So, there I was yesterday pedantically complaining about a tendency to call something livestreamed when it is in point of fact a recording of a livestream. That’s not a charge which can be levelled at The Final Approach written and performed by Thom Jordan. Indeed, he goes out of his way at the start of the piece to stipulate that what we will be watching will be “in the past” as he’s committing the performance to video. Alternatively, Jordan will be performing the piece on specific dates on specific times as part of Living Record at the Brighton Fringe festival so if a live experience is sought this can certainly be catered for.
Actually, good luck to Jordan when he does perform live. Not only does he play multiple roles and narrates in between, he operates his own sound and lighting, operates some sort of voice modulator/manipulator and manually changes backgrounds by using an overhead projector. A recent tweet contains some sobering figures. If nothing else you have to admire his dexterity at keeping all the plates spinning and the occasional fluffed line does little to detract from the effect of a whirlwind of storytelling and characterisation. At least he doesn’t try and change costume on top of everything else – indeed this seems to bear little relation to the time setting or the “plot”.
It’s the story of a school student trying to emulate the world record for staying awake set in 1964 (11 days if you are interested), except that this is barely mentioned. However, it does account for the rather hazy nature of the experience the protagonist has as he falls further and further into a strange world where he becomes a Raymond Chandleresque figure trying to track down a student cheating circle which exists at the school – or would that be the result of the “medications” located in his locker? As well as the hard boiled gumshoe narrator, Sam Marlowe, who shares his surname with Chandler’s most well-known creation, Jordan plays other students, the teachers (including a pair of Australian zygotic twins), the sinister canteen supervisor and, at one stage a giant fatberg. Actually, I should have spoiler alerted that last item but if you’re following all this it probably won’t have surprised you anyway.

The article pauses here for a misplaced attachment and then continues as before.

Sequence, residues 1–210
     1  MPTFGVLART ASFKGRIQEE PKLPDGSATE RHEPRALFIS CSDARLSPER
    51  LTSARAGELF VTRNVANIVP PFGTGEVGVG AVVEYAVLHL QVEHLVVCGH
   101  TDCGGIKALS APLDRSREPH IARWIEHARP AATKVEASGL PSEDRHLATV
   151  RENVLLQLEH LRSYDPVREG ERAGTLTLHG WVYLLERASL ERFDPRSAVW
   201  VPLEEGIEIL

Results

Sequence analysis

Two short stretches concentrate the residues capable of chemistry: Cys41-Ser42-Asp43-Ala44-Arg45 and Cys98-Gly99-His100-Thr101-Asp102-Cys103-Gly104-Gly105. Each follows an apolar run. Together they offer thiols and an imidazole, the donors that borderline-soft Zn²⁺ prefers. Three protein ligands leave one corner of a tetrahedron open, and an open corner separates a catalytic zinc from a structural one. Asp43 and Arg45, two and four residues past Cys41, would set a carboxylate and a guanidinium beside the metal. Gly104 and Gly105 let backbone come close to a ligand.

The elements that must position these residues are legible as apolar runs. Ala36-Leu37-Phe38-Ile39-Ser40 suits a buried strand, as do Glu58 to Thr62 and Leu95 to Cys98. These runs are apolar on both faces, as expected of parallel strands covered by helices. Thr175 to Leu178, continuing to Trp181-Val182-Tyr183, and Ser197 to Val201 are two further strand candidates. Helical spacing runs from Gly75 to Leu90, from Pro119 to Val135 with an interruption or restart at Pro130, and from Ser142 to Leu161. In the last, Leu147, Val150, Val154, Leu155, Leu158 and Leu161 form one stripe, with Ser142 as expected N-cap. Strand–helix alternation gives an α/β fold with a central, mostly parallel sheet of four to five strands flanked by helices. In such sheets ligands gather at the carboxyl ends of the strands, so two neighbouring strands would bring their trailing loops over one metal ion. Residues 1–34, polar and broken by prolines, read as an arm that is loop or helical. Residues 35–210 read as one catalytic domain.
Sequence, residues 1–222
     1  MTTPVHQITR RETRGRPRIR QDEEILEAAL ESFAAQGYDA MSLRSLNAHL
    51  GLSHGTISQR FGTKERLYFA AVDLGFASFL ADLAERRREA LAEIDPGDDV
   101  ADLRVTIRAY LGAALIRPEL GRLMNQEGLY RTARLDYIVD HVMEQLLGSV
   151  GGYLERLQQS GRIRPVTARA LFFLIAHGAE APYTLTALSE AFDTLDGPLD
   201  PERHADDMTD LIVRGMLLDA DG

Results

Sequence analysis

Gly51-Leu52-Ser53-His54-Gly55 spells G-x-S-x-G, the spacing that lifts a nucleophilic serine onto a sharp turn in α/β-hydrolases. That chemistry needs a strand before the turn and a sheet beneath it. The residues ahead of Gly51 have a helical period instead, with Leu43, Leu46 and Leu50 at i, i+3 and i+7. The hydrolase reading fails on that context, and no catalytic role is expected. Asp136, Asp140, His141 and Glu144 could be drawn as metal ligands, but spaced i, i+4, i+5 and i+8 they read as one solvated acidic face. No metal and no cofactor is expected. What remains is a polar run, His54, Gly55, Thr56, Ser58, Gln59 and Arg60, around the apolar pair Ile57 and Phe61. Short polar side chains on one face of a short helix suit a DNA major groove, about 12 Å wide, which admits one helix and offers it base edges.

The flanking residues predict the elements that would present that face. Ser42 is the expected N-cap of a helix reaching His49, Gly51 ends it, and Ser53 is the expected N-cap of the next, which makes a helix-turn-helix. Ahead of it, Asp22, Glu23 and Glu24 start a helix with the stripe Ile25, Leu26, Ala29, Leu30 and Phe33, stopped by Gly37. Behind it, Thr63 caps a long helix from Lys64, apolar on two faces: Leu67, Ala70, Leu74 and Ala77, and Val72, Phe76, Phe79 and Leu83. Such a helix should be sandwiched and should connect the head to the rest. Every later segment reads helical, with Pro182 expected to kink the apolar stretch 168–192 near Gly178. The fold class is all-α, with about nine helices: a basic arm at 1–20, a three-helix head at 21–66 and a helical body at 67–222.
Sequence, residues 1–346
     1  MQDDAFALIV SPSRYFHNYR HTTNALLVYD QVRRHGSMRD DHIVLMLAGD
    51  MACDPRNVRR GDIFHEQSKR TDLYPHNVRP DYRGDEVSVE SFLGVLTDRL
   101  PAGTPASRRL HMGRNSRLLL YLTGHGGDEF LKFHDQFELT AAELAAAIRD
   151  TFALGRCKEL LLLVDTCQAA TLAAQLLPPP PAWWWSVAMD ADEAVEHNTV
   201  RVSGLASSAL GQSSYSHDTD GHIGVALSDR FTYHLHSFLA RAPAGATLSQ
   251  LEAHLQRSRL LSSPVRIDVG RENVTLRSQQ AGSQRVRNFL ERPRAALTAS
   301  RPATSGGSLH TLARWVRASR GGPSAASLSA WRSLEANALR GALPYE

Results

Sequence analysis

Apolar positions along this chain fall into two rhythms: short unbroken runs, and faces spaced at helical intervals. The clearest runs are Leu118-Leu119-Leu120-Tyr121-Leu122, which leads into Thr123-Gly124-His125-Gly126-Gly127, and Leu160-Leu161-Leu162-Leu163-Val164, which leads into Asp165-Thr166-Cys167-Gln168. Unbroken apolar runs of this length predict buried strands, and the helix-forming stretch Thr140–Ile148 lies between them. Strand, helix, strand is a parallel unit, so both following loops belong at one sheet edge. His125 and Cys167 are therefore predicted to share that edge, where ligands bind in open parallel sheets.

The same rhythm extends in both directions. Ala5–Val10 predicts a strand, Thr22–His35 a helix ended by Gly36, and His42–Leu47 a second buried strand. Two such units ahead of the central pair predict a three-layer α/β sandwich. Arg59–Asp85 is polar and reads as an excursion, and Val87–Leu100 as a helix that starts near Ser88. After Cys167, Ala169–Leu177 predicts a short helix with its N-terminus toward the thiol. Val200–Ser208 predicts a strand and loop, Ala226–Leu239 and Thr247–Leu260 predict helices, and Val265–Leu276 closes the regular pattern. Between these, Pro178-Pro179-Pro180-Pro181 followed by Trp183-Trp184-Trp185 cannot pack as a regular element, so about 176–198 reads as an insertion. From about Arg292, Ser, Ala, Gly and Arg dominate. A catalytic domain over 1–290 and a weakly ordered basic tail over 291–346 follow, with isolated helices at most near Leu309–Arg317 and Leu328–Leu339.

Jordan skilfully manipulates his own voice electronically (a Roland VT-3 if you like the tecchie stuff) to create a laconic narrator in traditional mould and all the other characters. While it’s a bit odd at first I found myself enjoying the conceit and thinking well it’s one way to solve a potential budgeting problem when faced with hiring a huge cast and it definitely gives the piece an enjoyable USP. The video itself is shot in appropriately moody style using monochrome photography and deep shadows to emphasise the film noir antecedents. To complete the picture much of the soundtrack features jazz trumpet noodlings which also recall the era of Humphrey Bogart, Alan Ladd and Barbara Stanwyck.
While it relies heavily on a particular set of tropes for its narrative The Final Approach is quite a genre buster. If a bit overlong at 70 minutes, its playful nature and impressive technical prowess make it memorable, and it has proved one of the highlights of the Brighton Fringe online so far. It’s a bit of a magpie of a show using titbits of comedy and drama but never quite coming to rest on either which is all part of its charm. If you want something that is very different and sits outside the mainstream then look no further, especially as you can choose a recorded livestream or a livestreamed livestream as the mood takes you; it therefore satisfies my personal sense of the theatrical trades’ description act. Enjoy!
The Final Approach is currently available as part of The Living Record at the Brighton Fringe Festival – click here
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